Mechanics

INTERMITTENT MISS ABOVE 2,000 RPM WILL NOT STOP

1997 Dodge Stratus • 160 miles

Please help I am perplexed. A few months ago my 97 Dodge Stratus, 2.0 liter, 5 speed manual transmission, began missing intermittently while driving on the interstate. My local mechanic suspected the fuel pump so $600 later with a new fuel pump and new fuel filter the car was still hiccupping. This miss was ever so often but began to be more consistent as I continued to drive the car. The car cranks without fail, idles like a purring kitten, and runs fine until I reach the rpm range above 2,000. It feels almost as if the car is shutting off and turning right back in the blink of an eye. You can see the rpm needle drop, the engine light goes off, but the car continues to run. The skip seems to be more consistent once you reach 5th gear and go above the 2,000 rpm range. When I shift through the gears and go as high as 3,000 rpm it does not seem to skip at all or nearly as bad. The skip does not have the classic feel like a bad set of plugs.
To date the following parts have been changed out:
• Fuel Pump
• Fuel Filter
• Crank Position Sensor
• Camshaft Position Sensor
• Ignition Coil*
• Computer*
• Plugs
• Plug Wires
• TCM Relay
• Fuel Pump Relay
• 40 amp ignition switch fuse
• 20 amp ignition/starter fuse
• Ignition Tumbler

*The ignition coil and computer came from another 97 Dodge Stratus that I own and previously parked in the back yard due to high mileage. I pulled these 2 parts from this car because it was running fine when I parked it other than it needed tires, brakes, cv joints and a clutch.

I have an Innova 3140b scan tool which I used to run a code search on and this is what I keep coming up with:

P1391: Intermittent Loss of CMP or CKP
Fuel Sys 1 CL
Fuel Sys 2 NA
Calc Load % 5.9
ECT (F’) 192
STFT B1 (%) -3.1
LTFT B1 (%) 0.0
Map (in Hg) 5.0
Eng RPM 2400
Veh Speed MPH 62

P0351: Ignition Coil A Primary/Secondary Circuit

Any help/suggestions would be greatly appreciated. Thanks in advance.
Avatar
Loweralabama
July 8, 2012.



Check your connection at the cam& cranks sensors, they may not be making a good connection. Also check your connection at pcm. You might also check your automatic shutdown relay. I'd also check the "A" coil for a crack on spark plug tower or near where it bolts up. If you took the coil from an older car then that would be highly suspect, regardless of how well it ran when you put it up.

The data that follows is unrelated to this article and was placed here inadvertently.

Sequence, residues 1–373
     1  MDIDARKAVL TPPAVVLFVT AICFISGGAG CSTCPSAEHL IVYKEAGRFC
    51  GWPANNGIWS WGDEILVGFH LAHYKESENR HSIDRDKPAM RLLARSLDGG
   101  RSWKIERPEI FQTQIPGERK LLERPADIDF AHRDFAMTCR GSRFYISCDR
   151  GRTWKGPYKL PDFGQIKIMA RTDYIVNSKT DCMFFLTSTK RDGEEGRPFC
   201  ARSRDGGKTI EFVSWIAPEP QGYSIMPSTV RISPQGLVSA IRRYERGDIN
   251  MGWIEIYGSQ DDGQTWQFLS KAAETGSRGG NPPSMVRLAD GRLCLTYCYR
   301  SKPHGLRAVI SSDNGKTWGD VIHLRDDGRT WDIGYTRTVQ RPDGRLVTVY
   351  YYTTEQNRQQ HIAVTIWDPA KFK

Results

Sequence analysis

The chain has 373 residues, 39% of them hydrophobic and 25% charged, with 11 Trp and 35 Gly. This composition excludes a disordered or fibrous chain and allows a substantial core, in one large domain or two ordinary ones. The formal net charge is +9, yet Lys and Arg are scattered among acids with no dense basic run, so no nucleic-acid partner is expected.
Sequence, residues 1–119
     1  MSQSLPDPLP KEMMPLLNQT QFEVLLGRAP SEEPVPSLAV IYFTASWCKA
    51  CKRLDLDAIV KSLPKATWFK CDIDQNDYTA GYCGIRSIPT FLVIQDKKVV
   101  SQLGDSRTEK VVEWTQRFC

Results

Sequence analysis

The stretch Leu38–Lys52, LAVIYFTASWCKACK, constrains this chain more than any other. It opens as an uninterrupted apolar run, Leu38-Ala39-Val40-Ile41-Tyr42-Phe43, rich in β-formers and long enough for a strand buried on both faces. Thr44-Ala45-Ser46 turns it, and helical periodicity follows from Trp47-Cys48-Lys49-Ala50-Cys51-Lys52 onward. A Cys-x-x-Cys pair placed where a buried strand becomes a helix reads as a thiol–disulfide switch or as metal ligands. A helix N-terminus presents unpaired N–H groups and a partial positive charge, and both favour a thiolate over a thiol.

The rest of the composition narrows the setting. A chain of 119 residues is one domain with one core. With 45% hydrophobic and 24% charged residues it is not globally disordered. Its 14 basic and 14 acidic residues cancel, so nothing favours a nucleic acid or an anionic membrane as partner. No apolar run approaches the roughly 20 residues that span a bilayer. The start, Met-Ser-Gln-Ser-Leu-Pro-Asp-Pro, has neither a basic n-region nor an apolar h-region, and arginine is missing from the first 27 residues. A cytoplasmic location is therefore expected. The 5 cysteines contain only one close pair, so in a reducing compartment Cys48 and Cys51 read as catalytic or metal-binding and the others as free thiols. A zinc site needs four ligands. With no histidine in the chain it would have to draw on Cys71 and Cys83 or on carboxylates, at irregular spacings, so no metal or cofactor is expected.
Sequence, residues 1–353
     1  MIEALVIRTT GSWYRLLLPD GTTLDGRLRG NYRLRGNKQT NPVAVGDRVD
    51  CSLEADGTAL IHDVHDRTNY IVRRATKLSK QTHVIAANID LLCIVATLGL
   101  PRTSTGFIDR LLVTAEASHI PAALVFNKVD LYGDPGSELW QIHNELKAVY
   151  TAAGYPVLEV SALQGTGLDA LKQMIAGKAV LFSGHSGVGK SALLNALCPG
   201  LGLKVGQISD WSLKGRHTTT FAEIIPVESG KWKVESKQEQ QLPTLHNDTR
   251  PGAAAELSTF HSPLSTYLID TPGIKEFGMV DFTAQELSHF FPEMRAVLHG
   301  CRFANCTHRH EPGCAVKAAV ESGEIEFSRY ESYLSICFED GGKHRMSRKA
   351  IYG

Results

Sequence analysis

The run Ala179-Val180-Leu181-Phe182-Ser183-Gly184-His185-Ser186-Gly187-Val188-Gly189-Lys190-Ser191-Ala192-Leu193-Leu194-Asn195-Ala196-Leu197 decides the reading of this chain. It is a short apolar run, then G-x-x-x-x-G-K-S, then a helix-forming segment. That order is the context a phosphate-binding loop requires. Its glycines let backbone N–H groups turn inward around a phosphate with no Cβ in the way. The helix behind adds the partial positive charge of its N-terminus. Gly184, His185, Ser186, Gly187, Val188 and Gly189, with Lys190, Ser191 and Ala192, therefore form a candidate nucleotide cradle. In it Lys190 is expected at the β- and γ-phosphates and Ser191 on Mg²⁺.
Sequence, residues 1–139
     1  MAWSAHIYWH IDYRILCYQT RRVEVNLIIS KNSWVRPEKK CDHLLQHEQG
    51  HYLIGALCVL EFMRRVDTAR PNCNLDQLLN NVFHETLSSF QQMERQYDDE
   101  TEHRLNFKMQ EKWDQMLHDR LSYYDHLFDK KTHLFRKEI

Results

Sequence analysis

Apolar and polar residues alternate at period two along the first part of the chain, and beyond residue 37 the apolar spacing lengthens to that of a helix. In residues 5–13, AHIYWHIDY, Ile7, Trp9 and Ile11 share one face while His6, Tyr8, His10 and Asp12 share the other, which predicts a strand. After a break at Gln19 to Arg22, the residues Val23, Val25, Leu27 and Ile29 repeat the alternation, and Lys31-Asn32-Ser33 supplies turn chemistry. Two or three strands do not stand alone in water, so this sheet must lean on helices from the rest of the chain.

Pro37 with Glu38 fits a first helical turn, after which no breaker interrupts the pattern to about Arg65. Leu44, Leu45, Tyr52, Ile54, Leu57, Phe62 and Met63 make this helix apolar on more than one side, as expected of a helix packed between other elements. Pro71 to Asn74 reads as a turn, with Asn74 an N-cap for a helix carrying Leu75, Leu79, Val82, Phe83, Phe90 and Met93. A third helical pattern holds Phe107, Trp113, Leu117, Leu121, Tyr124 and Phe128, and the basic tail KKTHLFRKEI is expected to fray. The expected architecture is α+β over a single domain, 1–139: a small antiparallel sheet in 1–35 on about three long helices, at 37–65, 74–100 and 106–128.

Hmac300
Jul 8, 2012.
Thanks "hmac300". I am ordering a new OEM ignition coil just to be sure. I have wiggled the wires while running from the pcm and both position sensors and did not receive any form of fluctuation or miss when I did so. Did the breakdown under the code P1391 show you anything that looked suspect? Thanks for your time.

Tiny
Loweralabama
Jul 8, 2012.
I really think it's got to be a poor connection at cmor crank sensor. Or a bad ground to one of them. But it could also be the wrong cleanceto crank or cam or both. But try the coil first. You might see the coil sparking allover at night if it's leaking. Just don't look at it in the light.

Hmac300
Jul 8, 2012.
Thanks "hmac300". I will check the coil and relay once it gets dark. Will keep you posted.

Tiny
Loweralabama
Jul 8, 2012.
"hmac300". I ordered a new A coil. I checked out the old A coil last night in the complete darkness and no visible sparks whatsoever. No visible sparks anywhere around the engine. Will be picking up a new ASD relay from AZ tomorrow afternoon and giving that one a try also. Keep you posted. Thanks.

Tiny
Loweralabama
Jul 10, 2012.